So now you have taken this bike apart c60 rider what are you going to do with it.
The plan is to sell the bits I'm not using which is pretty much as follows:

Frame and forks as you can see

Ergo levers with calipers and discs. They come with barely used Campagnolo pads and Swisstop RS pads. I'd also include the hydro cables I have but also the campagnolo oil level tool, jagwire hose cutter, jagwire needle driver, campagnolo bleeding kit and the remains of a 250ml bottle of mineral oil, which is more than 3/4 of it. I didn't know I was only going to use about 40ml :noidea:

And then there's the Campagnolo Bora 35mm wheels, includes bags and all the build certificates

Park DT-5.2 mount facing tool used just the once!

I think that's the lot. I think I'll be sticking them on ebay but if anyone is interested then by all means get in touch.

c60rider
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by c60rider

Ypuh wrote:
Mon Feb 17, 2020 3:15 pm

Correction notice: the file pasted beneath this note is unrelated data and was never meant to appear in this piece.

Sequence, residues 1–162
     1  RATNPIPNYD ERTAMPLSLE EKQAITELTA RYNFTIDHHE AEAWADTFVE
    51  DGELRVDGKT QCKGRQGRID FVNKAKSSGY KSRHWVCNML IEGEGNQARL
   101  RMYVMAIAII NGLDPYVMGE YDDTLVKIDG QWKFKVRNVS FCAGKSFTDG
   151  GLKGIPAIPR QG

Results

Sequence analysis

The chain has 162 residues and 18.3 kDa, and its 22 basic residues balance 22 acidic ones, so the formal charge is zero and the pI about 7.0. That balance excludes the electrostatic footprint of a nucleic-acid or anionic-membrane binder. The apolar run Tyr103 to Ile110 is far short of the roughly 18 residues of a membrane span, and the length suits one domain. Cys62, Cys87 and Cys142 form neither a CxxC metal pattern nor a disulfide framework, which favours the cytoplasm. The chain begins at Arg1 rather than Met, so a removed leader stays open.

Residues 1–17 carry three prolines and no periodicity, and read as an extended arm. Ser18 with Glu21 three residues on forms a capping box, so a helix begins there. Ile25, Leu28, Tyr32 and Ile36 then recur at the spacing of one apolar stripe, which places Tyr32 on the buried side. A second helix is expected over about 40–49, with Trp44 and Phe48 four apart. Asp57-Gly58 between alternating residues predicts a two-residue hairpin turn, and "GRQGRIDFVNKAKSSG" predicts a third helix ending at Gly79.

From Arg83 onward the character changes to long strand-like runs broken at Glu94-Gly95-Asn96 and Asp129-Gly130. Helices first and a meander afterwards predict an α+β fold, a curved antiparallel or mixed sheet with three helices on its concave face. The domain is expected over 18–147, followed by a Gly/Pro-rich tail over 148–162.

You're not really a 'die hard' rimbraker if you've converted to discs within ~5y of their existance, right? I've had relationships that I called 'temporary' that lasted longer.
Your point being? :noidea:

RyanH
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by RyanH

Your experience echoes mine. Not sure if you saw my Wilier thread last year with Campy Disc Brakes. I didn't want to nut up for the tool but I'm now glad I didn't. It's amazing to me how none of the shops I contacted had the proper tools to face the mounts...in Los Angeles of all places...
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by Weenie


rollinslow
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by rollinslow

Great thread and insight. I find it endlessly frustrating that refusal to accept the issues you have had to deal with is somehow construed as lack of skill or engineering prowess which is just silly if we all had our real job titles on the thread. At least a Ti bike would allow a lot of these disc issues to at least be addressed more easily (I.e tolerances, 3D printing the flat mounts, etc). Whether companies step up and improve manufacturing standards is so hard to predict given the cost associated with that. Many people on here have proven that a disc frame can be done well so I'll stay cautiously optimistic.
Moots Vamoots RSL (2019)-Dura Ace 9100
Cervelo S1 (2010)-Super Record 12 (viewtopic.php?f=10&t=161577)
Kestrel RT700 (2008)-Dura Ace 9000
Mosaic GT-1 (2020)-in build queue